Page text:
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Tax relief for employees working from home

To curb the spread of C-19, President Ramaphosa placed the country under lockdown at the end of March and most South Africans were forced to work from home remotely. This resulted in many employees having to set up a home office. Before the lockdown, the working culture was already evolving into more and more people working from home. Employers are now providing the option to their employees to work from home to avoid precious productive time being lost in the daily commute to the office and back home. SARS is normally very rigid when it comes to employees deducting any tax-deductible expenses from their salaries. SARS, however, does allow certain home office expenses under very certain specific circumstances
Who can claim home office expenses?
There are two categories of employees who can claim home office expenses:
Category 1
Where annual remuneration is more than 50% variable i.e. commission-based, and they spend at least 50% of their working time away from their employer’s premises; OR
Category 2
Those employees whose variable annual remuneration is less than 50% but they spend more than 50% of their working hours working from a home office.  

The types of expenses an employee can claim for each category are:

Category 1
  • Rent;
  • Interest on mortgage bond;
  • Repairs to the premises;
  • Rates and taxes;
  • Cleaning;
  • Wear and tear;
  • Telephone;
  • Stationery;
  • Wi-Fi;
  • Repairs to the printer; and
  • Other expenses relating to the house.
Category 1
  • Rent;
  • Interest on mortgage bond;
  • Repairs to the premises;
  • Rates and taxes;
  • Cleaning;
  • Wear and tear; and
  • Other expenses relating to their house.
How do you calculate the home office deduction?
The deduction of the expenses mentioned above is limited to the percentage of the square meterage used for business use. In other words, the proportion that can be claimed is calculated by dividing the total square meterage of the home study by the total square meterage of the house and then converting this to a percentage. Thereafter, apply the percentage to the home office expenditure to calculate the portion that is deductible.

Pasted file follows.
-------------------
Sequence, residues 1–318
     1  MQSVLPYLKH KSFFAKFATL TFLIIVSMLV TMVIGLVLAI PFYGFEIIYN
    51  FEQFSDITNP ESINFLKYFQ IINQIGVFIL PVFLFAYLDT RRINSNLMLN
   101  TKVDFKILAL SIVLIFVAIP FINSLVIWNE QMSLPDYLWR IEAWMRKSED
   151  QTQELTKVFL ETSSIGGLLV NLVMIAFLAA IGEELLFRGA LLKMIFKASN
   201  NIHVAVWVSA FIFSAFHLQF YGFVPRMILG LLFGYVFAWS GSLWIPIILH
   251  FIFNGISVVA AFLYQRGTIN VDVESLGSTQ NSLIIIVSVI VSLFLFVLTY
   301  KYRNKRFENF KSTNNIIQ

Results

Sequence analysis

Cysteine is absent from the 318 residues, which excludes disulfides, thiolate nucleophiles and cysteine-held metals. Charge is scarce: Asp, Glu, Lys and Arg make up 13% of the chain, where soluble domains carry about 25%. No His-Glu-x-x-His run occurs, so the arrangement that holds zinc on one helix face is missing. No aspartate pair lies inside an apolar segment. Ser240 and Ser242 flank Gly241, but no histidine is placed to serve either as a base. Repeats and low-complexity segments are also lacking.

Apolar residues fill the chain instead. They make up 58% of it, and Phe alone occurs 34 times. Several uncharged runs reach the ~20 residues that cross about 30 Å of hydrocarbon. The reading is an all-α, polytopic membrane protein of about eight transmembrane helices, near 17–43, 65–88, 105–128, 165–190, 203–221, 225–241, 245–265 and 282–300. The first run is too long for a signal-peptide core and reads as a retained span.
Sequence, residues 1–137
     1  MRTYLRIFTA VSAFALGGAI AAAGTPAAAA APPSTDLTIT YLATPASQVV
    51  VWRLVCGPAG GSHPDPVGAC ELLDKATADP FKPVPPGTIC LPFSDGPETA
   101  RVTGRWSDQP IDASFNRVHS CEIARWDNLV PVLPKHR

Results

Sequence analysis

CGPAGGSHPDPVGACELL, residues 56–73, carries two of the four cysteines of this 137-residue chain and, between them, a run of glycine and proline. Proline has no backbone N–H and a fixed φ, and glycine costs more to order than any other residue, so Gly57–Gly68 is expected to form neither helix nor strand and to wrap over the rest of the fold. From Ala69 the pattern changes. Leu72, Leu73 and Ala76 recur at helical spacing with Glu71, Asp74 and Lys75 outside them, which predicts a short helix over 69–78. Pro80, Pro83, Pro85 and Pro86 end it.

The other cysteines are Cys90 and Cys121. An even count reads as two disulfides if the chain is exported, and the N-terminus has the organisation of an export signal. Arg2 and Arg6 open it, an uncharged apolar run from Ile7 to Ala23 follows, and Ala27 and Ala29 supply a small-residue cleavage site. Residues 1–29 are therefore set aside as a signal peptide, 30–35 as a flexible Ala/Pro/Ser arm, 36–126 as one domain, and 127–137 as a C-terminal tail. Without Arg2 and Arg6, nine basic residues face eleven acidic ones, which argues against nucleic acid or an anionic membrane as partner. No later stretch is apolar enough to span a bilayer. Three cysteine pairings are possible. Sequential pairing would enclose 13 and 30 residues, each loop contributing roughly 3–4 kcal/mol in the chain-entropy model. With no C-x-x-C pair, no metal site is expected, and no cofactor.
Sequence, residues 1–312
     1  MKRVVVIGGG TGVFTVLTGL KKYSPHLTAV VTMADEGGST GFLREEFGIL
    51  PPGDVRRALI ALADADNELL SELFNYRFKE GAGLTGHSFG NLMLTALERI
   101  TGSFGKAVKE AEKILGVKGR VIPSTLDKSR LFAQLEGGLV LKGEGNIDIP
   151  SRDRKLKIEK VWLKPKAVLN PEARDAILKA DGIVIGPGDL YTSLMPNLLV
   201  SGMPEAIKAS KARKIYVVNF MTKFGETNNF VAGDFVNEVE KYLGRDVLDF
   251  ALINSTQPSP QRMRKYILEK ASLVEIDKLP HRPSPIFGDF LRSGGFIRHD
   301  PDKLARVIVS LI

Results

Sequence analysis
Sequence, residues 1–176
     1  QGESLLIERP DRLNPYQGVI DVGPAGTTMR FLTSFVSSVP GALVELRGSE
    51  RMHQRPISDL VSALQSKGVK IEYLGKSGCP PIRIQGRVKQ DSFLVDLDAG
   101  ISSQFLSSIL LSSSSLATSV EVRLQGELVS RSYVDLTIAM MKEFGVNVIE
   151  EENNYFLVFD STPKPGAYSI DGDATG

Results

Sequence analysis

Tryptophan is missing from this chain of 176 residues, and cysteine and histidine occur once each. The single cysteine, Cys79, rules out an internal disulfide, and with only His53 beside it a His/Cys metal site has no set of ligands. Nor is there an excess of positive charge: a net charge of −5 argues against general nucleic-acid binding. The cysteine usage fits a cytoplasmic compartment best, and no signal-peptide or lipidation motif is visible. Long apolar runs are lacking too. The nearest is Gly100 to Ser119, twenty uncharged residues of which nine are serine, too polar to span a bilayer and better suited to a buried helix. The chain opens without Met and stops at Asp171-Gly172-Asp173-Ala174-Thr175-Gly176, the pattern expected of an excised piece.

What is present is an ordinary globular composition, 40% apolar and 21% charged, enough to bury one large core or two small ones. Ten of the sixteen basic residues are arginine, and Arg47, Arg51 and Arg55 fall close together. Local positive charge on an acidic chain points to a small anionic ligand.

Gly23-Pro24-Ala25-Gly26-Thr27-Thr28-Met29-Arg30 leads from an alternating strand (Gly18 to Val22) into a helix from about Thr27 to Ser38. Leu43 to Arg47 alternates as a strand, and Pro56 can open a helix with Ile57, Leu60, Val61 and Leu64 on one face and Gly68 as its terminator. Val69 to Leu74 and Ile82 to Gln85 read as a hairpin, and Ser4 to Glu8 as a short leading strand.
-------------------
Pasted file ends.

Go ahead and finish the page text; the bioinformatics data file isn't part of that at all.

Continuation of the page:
For example, the square meterage of your home office (20m2) in relation to the house (200m2), therefore, the percentage is 10% (20m2/200m2 x 100). Only 10% of the office related expenses will be tax-deductible. 
What are the additional requirements for Category 2 employees to claim their deduction?
  • The employer must allow the employee to work from home;
  • The employee must spend more than half of their total working hours working in their home office;
  • The employee must have an area of their home which is used exclusively for this purpose; NOTE: Employees utilizing their dining room as a desk or boardroom at home would not qualify.
  • The office must be specifically equipped for the employee’s trade, i.e. it must be specially fitted with the relevant instruments, tools, and equipment required for the employee to perform his or her work.
Which supporting documents will be required?
South Africa Revenue Services (SARS) frequently request supporting documents from the employee to support their home office tax deduction claims.
The taxpayer will be required to submit scanned copies of invoices, as well as all relevant calculations to substantiate the percentage of home office expenses claimed.
If the supporting documentation is unclear or insufficient, SARS will disallow the deduction so always make sure you keep adequate records for your tax practitioner to submit.
What is the trade-off for claiming home expenses against taxable income?
An individual who sells his or her primary residence is normally able to exclude a full R2 million of the net proceeds from the taxable capital gain as a tax perk. This is called a primary residence exclusion.
Where an individual has claimed home office expenses, this tax perk will be reduced. The reduction of benefit is calculated on the same basis as a percentage of floor space used by the office claimed over the total floor space of the primary residence. For example, if the home office previously used makes up 10% of the entire floor space of the house, then the total primary residence exclusion will be reduced to R1,800,000 (R2,000,000 less (R2,000,000 x 10%)). This only applies where a primary residence is owned by an individual person and not a company, close corporation, or trust. In this instance, there is no primary exclusion at all.
Omne News
Omne News
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